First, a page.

Black Sun: Aryan Cults, Esoteric Nazism, and the Politics of Identity

Black Sun: Aryan Cults, Esoteric Nazism, and the Politics of Identity

Black Sun: Aryan Cults, Esoteric Nazism, and the Politics of Identity

Black Sun: Aryan Cults, Esoteric Nazism, and the Politics of Identity


Vaudevillians used the term "the wow climax" to refer to the emotional highpoint of their acts- a final moment of peak spectacle following a gradual building of audience's emotions. Viewed by most critics as vulgar and sensationalistic, the vaudeville aesthetic was celebrated by other writers for its vitality, its liveliness, and its playfulness.

The Wow Climax follows in the path of this more laudatory tradition, drawing out the range of emotions in popular culture and mapping what we might call an aesthetic of immediacy. It pulls together a spirited range of work from Henry Jenkins, one of our most astute media scholars, that spans different media (film, television, literature, comics, games), genres (slapstick, melodrama, horror, exploitation cinema), and emotional reactions (shock, laughter, sentimentality). Whether highlighting the sentimentality at the heart of the Lassie franchise, examining the emotional experiences created by horror filmmakers like Wes Craven and David Cronenberg and avant garde artist Matthew Barney, or discussing the emerging aesthetics of video games, these essays get to the heart of what gives popular culture its emotional impact.


The religious and mythic elements of German National Socialism often made the Third Reich resemble a cult in power. the pageantry of the Nazi rallies and their quasi-liturgical nature were matched by the extraordinary fervor of the huge crowds in attendance. Most participants were caught up in an intense atmosphere of collective excitement and self-surrender. Hitler's undoubted charisma and the assiduous development and cultivation of the Führerkult since the earliest years of the movement were crucial factors in the construction of Nazi religiosity. Huge congregations, banners, sacred flames, processions, a style of popular and radical preaching, prayersand-responses, memorials and funeral marches were all essential props for the cult of race and nation, the mission of Aryan Germany and victory over her enemies. the messianic figure of Adolf Hitler, the savior of Germany, towered over the entire project.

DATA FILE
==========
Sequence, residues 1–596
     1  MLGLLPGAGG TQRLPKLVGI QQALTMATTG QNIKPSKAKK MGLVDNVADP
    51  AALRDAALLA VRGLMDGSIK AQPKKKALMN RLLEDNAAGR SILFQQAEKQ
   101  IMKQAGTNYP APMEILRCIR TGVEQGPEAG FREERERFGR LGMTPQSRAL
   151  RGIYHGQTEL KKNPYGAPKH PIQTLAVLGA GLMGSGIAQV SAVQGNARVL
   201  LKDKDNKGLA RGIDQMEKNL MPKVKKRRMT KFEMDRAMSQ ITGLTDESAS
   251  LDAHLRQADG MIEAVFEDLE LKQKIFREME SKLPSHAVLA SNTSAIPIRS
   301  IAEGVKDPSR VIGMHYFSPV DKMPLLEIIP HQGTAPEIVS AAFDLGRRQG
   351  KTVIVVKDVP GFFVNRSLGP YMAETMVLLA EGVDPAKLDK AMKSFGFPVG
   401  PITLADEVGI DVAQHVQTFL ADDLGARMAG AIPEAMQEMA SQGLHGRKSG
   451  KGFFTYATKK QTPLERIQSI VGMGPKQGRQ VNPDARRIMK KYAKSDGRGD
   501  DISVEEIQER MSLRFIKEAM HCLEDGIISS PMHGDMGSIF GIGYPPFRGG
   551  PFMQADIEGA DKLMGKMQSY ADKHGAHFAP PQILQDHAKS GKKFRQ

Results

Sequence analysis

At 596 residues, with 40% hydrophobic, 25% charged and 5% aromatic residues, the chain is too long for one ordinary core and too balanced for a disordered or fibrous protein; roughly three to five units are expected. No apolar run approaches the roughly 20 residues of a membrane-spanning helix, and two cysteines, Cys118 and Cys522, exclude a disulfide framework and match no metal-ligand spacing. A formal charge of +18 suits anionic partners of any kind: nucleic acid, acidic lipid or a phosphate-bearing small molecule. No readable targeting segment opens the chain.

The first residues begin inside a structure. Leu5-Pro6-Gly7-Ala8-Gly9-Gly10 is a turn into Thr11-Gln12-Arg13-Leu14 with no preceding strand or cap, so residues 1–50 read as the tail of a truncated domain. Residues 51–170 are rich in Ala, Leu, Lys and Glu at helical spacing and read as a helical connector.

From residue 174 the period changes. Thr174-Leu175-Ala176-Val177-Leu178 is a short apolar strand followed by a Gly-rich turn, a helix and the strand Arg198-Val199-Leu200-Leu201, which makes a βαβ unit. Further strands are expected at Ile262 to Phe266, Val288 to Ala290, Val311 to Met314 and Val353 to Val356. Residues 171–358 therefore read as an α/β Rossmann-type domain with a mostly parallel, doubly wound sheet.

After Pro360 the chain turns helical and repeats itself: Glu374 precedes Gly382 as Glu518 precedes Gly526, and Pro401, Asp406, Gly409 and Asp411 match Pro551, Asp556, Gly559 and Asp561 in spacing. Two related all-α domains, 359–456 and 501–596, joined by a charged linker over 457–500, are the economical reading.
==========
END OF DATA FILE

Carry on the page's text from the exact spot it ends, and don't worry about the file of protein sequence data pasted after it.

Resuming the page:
National Socialist ideology was also deeply imbued with ideas drawn from radical religious imagination. the belief in a Jewish world conspiracy, ostensibly backed by the notorious invention The Protocols of the Elders of Zion,provided the image of a demonic enemy. Nazi anti-Semitism was rooted in this apocalyptic demonology, which blamed the Jews for all ills, including liberalism, communism, the corruption of morals, and the downfall of a traditional world. the notion of national regeneration was also presented in an apocalyptic spirit: only the destruction of the Jews could guarantee the salvation of Germany in a racially pure millennium. Alfred Rosenberg, the chief Nazi Party ideologue, was an early publicist of the Protocols, establishing their core status in Nazi philosophy during the early 1920s. Dietrich Eckart, Hitler's mentor in Munich, held a gnostic-dualist view of the Jews and their antagonistic role in German national life. Hitler's own belief in a Jewish world conspiracy remained a life-long conviction, finding terrible fulfillment in the Holocaust.

In an earlier book, The Occult Roots of Nazism, I traced these ideas of racial election, demonology and millennium among Austrian German nationalists prior to the First World War. That study was intended to show how . . .

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